As a strong proponent of Web 2.0 in the enterprise, we at WaveMaker want very much to see a rapid adoption of these technologies at the corporate level. On the other hand, wishing won't make it so - the grab-bag of technologies and ideas that constitute Web 2.0 are bound to confuse the IT community.
There are two possible observations here:
- Damn the data, full speed ahead. Just like drug companies that sink a great deal of money into disappointing clinical trials that they then attempt to spin into medical break-throughs, analyst firms like Forrester won’t sell many copies of a Web 2.0 report that concludes Web 2.0 ain’t happening in the enterprise anytime soon. Thus there is a strong incentive for the report authors to refute their own data in the survey summary.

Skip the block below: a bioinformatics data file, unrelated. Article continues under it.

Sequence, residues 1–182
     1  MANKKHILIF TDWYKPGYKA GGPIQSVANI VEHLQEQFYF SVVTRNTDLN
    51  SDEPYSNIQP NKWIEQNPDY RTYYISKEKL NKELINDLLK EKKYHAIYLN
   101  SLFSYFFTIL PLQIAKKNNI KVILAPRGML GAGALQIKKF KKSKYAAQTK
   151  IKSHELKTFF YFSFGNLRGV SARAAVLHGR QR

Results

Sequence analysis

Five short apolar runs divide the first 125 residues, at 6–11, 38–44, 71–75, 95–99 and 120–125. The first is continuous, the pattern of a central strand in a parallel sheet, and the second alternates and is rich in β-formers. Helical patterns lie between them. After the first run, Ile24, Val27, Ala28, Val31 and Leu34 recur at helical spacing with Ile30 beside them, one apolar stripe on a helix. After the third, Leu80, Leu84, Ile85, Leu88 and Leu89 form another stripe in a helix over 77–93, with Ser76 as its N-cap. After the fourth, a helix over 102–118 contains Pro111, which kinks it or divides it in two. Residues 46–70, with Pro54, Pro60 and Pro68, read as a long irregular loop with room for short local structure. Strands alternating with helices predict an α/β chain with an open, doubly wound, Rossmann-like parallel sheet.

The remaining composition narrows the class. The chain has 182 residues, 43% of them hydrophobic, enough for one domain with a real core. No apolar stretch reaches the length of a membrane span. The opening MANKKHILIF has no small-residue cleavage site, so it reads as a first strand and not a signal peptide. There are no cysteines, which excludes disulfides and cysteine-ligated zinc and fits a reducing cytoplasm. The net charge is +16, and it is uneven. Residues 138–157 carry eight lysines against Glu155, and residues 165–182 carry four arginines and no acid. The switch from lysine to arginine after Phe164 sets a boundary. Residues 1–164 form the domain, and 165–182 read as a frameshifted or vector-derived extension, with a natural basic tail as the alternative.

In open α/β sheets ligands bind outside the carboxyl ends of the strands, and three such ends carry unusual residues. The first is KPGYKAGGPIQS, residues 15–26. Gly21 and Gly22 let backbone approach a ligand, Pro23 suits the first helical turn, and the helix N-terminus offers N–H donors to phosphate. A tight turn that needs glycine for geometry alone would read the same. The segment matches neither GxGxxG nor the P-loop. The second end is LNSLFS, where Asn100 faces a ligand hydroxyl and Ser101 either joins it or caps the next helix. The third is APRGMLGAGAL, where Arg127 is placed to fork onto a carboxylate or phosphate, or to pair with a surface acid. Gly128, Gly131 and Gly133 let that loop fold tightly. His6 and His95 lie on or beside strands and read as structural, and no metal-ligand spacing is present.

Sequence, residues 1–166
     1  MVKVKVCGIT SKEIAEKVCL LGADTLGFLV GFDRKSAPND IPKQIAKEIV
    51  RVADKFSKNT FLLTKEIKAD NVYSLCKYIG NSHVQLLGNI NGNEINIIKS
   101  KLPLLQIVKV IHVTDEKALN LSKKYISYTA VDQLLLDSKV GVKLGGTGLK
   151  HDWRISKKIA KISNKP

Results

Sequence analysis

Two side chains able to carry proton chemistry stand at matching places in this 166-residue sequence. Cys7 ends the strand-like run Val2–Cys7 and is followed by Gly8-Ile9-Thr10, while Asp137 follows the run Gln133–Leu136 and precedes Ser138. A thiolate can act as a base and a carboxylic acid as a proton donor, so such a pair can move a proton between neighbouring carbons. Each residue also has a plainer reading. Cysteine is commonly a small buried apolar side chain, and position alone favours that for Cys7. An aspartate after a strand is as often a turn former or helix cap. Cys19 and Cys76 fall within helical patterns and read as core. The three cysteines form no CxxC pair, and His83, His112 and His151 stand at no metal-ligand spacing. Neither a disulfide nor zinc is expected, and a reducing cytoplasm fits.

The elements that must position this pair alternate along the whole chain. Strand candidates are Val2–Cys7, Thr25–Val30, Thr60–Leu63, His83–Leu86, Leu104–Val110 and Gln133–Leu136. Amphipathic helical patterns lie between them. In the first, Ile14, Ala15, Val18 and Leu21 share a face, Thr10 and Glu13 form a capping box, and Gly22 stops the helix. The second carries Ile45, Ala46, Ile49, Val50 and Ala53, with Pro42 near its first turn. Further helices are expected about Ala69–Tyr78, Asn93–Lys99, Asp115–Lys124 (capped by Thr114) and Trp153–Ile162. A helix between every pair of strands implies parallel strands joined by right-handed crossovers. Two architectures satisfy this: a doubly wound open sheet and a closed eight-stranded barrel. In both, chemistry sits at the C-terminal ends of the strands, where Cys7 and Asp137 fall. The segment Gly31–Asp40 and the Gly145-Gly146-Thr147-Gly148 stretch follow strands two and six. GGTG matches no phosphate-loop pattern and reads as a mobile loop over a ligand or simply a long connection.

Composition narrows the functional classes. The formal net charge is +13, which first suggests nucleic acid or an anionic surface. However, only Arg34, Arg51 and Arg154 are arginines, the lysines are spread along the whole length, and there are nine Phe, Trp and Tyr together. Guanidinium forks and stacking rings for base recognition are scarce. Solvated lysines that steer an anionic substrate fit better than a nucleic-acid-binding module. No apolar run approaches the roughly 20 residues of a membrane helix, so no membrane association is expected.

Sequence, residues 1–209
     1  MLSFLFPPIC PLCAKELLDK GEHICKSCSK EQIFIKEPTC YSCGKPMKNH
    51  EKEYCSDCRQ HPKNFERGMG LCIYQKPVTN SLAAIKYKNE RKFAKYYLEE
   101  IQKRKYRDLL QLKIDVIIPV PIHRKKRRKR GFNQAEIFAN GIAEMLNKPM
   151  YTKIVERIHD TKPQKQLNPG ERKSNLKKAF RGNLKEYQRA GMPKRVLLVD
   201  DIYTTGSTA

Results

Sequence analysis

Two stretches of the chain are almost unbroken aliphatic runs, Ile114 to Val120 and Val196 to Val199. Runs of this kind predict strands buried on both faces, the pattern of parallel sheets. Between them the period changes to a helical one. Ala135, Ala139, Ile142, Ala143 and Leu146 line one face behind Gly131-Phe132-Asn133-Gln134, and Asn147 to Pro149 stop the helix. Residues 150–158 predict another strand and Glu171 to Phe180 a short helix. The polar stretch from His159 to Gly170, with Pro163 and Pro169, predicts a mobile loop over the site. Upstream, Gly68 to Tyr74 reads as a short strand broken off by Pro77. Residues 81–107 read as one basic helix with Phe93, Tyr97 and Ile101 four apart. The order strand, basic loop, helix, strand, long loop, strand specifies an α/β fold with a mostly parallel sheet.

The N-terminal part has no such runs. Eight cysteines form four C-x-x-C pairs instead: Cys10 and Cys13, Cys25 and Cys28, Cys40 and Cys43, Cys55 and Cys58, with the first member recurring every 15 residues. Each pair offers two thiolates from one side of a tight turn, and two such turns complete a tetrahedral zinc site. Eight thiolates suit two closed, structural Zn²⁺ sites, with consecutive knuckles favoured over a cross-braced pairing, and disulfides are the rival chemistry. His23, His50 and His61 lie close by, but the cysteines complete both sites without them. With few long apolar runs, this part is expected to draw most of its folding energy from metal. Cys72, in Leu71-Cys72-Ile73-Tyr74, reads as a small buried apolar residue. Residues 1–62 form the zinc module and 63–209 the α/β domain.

- Web 2.0 is being pulled into the enterprise, not pushed. Since the PC, all client-side technologies have been pulled into the enterprise by business users, not pushed into the enterprise by central IT. The main themes of Web 2.0 – rich interface, collaboration and user-driven content – have more to do with how users interact with their computers than with computer infrastructure.
For Spring, the tailwind came the intractable complexity of the EJB standard that left developers desperate for a simpler, more lightweight java application server. For WaveMaker, the tailwind comes from the complete dearth of visual tools for web development that would enable MS Access, Lotus Notes and PowerBuilder developers to come out of the client/server dark ages and build the kinds of web-based applications that their end users want.
Syscon republished this post here
Vendor push just doesn't work like it used to. Open source pull is the way Web 2.0 technologies will get inside the firewall
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